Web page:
8 12 NAMY AND GENTNER itates taxonomic categorization (Gentner & Namy, 1999) and also provide a more specific account of the mechanisms that underlie the influence of comparison on category learning. Experiment 1 verified that the effects of comparison are specific; when the two colabeled standards shared higher order conceptual commonalities, comparison yielded heightened taxonomic performance. However, when the colabeled standards shared only surface-level commonalities, the alignment process served only to heighten children s attention to perceptual features. The results of Experiment 2 highlight the importance of labeling in encouraging children to compare and attend to taxonomic organization. When two standards that potentially shared substantial perceptual and conceptual commonalities were given a unifying label, children extended the label to the category match more often than when the same two standards were labeled with contrasting names. t is worth noting that unlike the children in Experiment 1, those in Experiment 2 who received a common label for two category members were given no explicit instruction to compare. A Comparison of performance in the unifying-word condition of Experiment 2 (0.58 category responding) with performance in the one-kind condition of Experiment 1 (0.69 category responding), which was identical in procedure and stimuli except that it included the query, See how these are both blickets? suggests that adding this request to compare may have heightened the children s likelihood of arriving at the taxonomic commonalities. Although providing a common label and providing explicit instructions to compare appear to each elicit alignment effects on their own, thereby drawing children away from perceptual responding, offering both kinds of support for alignment together may result in stronger benefits of alignment. But s t Alignment? Both the present experiments and our previous experiments (Gentner & Namy, 1999) clearly demonstrate that children are more likely to select category matches that share relational and abstract commonalities with the standards when given the opportunity to compare. To what extent may we assert that these effects are attributable specifically to alignment and not simply to a similarity-based account that dictates that providing more information about what is included in the category yields more accurate categorization? There are three reasons for concluding that alignment is a more likely candidate mechanism than a simpler similarity model. First, we know from our previous experiments (Gentner & Namy, 1999) that children s categorization performance when given two standards is more than the sum of its parts-that is, children s performance in this task when given both standards to compare is not predicted by their performance when given either standard alone. When given either standard alone, children predominantly chose the perceptual match, but presenting both together led to the opposite result: Children selected the relationally similar but perceptually dissimilar match. Second, as demonstrated in the present study, merely viewing two perceptually similar standards together is not sufficient to elicit category responding. Results for the conflicting-word condition of Experiment 2 show that the conceptual facilitation effect observed when children engage in comparison is blocked by the introduction of conflicting labels for the two standards. Third, there is some evidence in our data that explicit instructions or requests to compare (e.g., See how these are the same kind of thing? ) heighten the conceptual facilitation effect, providing further support for the claim that simply viewing two perceptually similar category members is not sufficient to elicit systematic category responding. t appears that it is specifically the comparison process that allows relational commonalities to be derived from the perceptually similar inputs. Further, the circumstances under which these additional insights are gleaned are precisely those predicted by an alignmentbased model of category learning (Gentner & Medina, 1998). The present experiments served to delineate the proposed model of comparison as a mechanism of word and category learning. Our findings regarding the influence of labeling on children s object categorization are consistent with previous findings that word learning facilitates acquisition of deep conceptual categories (S. A. Gelman & Coley, 1990; S. A. Gelman & E. M. Markman, 1986; S. A. Gelman & Wellman, 1991; Golinkoff et al., 1992; Kemler Nelson, 1995; E. M. Markman, 1989; E. M. Markman & Hutchinson, 1984; Waxman & R. Gelman, 1986; Waxman & Kosowski, 1990) and other nonobvious properties (see Waxman & Klibanoff, 2000). Further, these findings, along with those from our previous experiments (Gentner & Namy, 1999), can help resolve the conflicting findings regarding young children s shapebased versus taxonomy-based categorization behaviors. We suggest that structural alignment is a mechanism by which attention to shape and other salient perceptual features can actually facilitate taxonomic organization, provided that the perceptual commonalities Co-occur with and provide information relating to deeper relational commonalities. Recent work on adult categorization and increasing neuroimaging evidence on the role of perceptual imagery in cognitive processing further suggests that perceptual information is infused into much conceptual processing about objects, actions, and events (e.g., Barsalou, 1999; Damasio, 1989; Goldstone & Barsalou, 1998; hlvermueller, 1999). More broadly, our findings support a view of comparison as a general learning process. The role of alignment in cognitive development has been demonstrated in a broad range of other domains of cognitive development, including infant face recognition (Fagan, 1978), conservation tasks (R. Gelman, 1969), spatial relational tasks (Gentner et al., 1995; Kotovsky & Gentner, 1996; Loewenstein & Gentner, 2001), and word learning (Waxman, 1999; Waxman & Klibanoff, 2000). This trend across multiple domains of development suggests that the alignment process is a general and crosscutting one. Pondering the Role of Perceptual Commonalities in Word Learning We have found that comparison enables children to attend to conceptual rather than perceptual commonalities in word learning. But one still may wonder why children who see a single item often extend a new word on the basis of purely perceptual commonalities. t seems inconceivable that, in the absence of comparison, children really believe that a bicycle and a pair of glasses are of the same kind, given that these objects are familiar to young children (as evidenced by their success at naming the objects depicted). We suggest that one reason for this perceptually based responding may be that, as mai and Gentner have argued (Gentner & mai, 1995; mai et al., 1994), children are accustomed to acquiring basic-level terms in which perceptual features are highly reliable predictors of underlying shared concepts. When children are asked to extend a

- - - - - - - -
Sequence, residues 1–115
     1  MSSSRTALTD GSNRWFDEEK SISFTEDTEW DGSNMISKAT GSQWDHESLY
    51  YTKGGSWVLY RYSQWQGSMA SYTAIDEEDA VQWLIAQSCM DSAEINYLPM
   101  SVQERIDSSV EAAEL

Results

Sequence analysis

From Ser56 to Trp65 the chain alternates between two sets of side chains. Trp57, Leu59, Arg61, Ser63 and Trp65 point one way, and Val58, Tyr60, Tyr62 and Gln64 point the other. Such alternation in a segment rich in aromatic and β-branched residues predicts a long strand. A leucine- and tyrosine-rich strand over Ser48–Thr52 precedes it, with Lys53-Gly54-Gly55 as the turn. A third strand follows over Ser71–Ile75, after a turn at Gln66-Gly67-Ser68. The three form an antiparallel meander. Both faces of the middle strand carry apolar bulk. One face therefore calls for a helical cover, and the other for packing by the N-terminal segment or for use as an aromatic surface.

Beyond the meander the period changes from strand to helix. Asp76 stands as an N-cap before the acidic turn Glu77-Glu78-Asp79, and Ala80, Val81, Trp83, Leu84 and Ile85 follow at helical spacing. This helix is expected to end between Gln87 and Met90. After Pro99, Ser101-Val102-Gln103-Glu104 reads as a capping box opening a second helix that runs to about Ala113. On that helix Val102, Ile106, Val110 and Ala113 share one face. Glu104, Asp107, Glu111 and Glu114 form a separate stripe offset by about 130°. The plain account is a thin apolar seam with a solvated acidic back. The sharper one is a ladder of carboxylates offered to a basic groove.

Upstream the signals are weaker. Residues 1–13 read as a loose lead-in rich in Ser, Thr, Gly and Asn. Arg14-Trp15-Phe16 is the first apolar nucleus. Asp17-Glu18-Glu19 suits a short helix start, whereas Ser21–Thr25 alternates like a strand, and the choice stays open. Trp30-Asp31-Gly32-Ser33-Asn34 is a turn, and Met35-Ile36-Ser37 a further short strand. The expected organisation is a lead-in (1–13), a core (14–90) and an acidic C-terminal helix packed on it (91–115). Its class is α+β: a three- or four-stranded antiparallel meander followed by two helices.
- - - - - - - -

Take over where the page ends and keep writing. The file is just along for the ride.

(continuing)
9 COMPARSON AND CATEGORY LEARNNG 13 novel word with incomplete knowledge about the relational properties of the word s referent, a perceptual response is a reasonable guess. ndeed, mai and Gentner have speculated that young children may possess what might be called a naive theory of word learning that emphasizes perceptual features such as shape in word extension because they are such reliable predictors of categories (see also Landau, Smith, & Jones, 1998). Regardless of why children rely on perceptual commonalities as a basis for word learning, our studies suggest a mechanism by which this early mistake may serve as a pathway to deeper understanding. By mapping labels to perceptually similar entities that also happen to be conceptually similar, children are encouraged to align the items and derive the deeper conceptual commonalities that underlie the perceptual commonalities. We have documented a concrete mechanism by which children may use the perceptual level of processing as a springboard to gain insight into a conceptual level of organization. On this account, children s tendency to categorize on the basis of shallow perceptual properties may mask or underestimate their ability to use conceptual information in a categorization task. For example, in Gentner s ( 1978) Jiggy/Zimbo study, children s word extensions did not always align with their conceptual understanding. Gentner (1 978) found that children were clearly attentive to salient functional properties of a novel object (e.g., it dispenses candy) as evidenced both by their reliable ability to seek out candy from the correct object and by their exceptionally rapid acquisition of the label for the candy dispenser. However, their extensions of a novel word were on the basis of perceptual appearance rather than function. Landau et al. (1998) have documented a similar failure of children to use functional information as a basis for word extension. n their study, 2-, 3-, and 5-year-old children were introduced to a single exemplar of a familiar category, such as comb, and were shown its function (e.g., combing a doll s hair). Half the children were asked to extend the label (comb). The other half were asked to pick out objects that the doll could use to fix her hair. They were then shown eight more objects, four of which shared shape but not function with the comb (e.g., a comb-shaped sponge) and four of which shared function but not shape (e.g., a toy plastic rake). The results were striking. n the function condition, children at all ages accurately accepted objects that shared function but not shape with the exemplar. However, in the label condition, children at all ages accepted objects that shared shape but not function with the exemplar. Kemler Nelson (1995, 1999) has identified some circumstances under which functional information does enter into young children s new word meanings. However, her research also bears out the generality of the finding that word extensions are often perceptually based. The experimenter presented children with members of a novel category and demonstrated their function (e.g., transfemng a ball to a chute). For half the children, the experimenter labeled the category prior to demonstrating the function. For the other half of the children, the order was reversed. All children were subsequently given a word-extension task. She found that, as in the previous studies, children who heard the label applied before seeing the function demonstrated were likely to make perceptual extensions of the word s meaning. However, children who learned the label after encountering functional infor- mation were more likely to take function information into account in their word extensions. We suggest that one important factor in Kemler Nelson s study (1999) is that the function-first children had the opportunity to observe and compare a wide range of exemplars engaged in a common function, leading them to focus on the functional affordances as a basis for categorization. t is interesting to note that Kemler Nelson s (1999) materials were designed such that the perceptual properties were consistent with their functional affordances (e.g., a scoop-shaped object for lifting other objects). She speculated that these interconnections between perceptual features and functional relations are important in children s learningexactly what would be predicted on the basis of a structuremapping process that acts to promote common interconnected relational systems. As noted above, in cases like these, comparison provides a mechanism by which salient perceptual commonalities invite the discovery of linked relational commonalities. Limitations and Future Directions n this article we have focused on the function of alignment as highlighting common knowledge, but we have argued that alignment is an even more powerful mechanism than depicted here; we suggest that it may serve a knowledge-generating as well as a knowledge-highlighting function. f so, this comparison mechanism should also enable children to forge new abstract knowledge and induce novel inferences. n the present experiments, the categories depicted were all familiar to the children tested, at least at the basic level, so it is unlikely that children were inferring entirely new conceptual knowledge. n future work, it will be important to test the role of comparison in children s acquisition of entirely novel categories, that is, categories for which they have no prior knowledge or experience. Presenting novel objects for which we systematically manipulate children s functional, causal, or relational knowledge will allow us to assess the degree to which comparison may be used to acquire novel concepts as well as to highlight particular aspects of children s existing concepts. Our data also suggest that children are more apt to compare and to derive benefits from comparison when they are explicitly invited to do so (e.g., See how these are both blickets? ) n future work, it will be important to explore the conditions under which children do and do not benefit from comparison to strengthen our argument that alignment processes are driving children s acquisition of categories. Preliminary pilot data suggest that the nature of the instructions as well as the presentation of the stimuli (e.g., simultaneous vs. serial presentation of the two bases) influences the extent to which children align the two bases. Conclusions Development is characterized by a fascinating interplay between factual observation and experience on the one hand and the child s burgeoning knowledge and belief systems on the other. The relation between perceptual similarity and category knowledge is one such interplay. Building a framework for how a child s course of learning develops from local understandings to a larger, more integrated system of knowledge is a central challenge for the field of cognitive development. We suggest that comparison processes

10 14 NAMY AND GENTNER play an integral role in the integration of perceptual and conceptual knowledge in development. References Baldwin, D. A. (1989). Priorities in children s expectations about object label reference: Form over color. Child Development, 60, Baldwin, D. A. (1992). Clarifying the role of shape in children s taxonomic assumption. Journal of Experimental Child Psyclzology, 54, Barsalou, L. W. (1999). Perceptual symbol systems. Belzavioral & Brain Sciences, 22, Bowerman, M. (1976). Semantic factors in the acquisition of rules for word use and sentence construction. n D. M. Morehead & A. E. Morehead (Eds.), Nornzal and deficient child language (pp ). Baltimore: University Park Press. Clark, E. (1973). What s in a word? On the child s acquisition of semantics in his first language. n T. E. Moore (Ed.), Cognitive development and the acquisition of language (pp ). New York: Academic Press. Cohen, L. B., & Oakes, L. M. (1993). How infants perceive a simple causal event. 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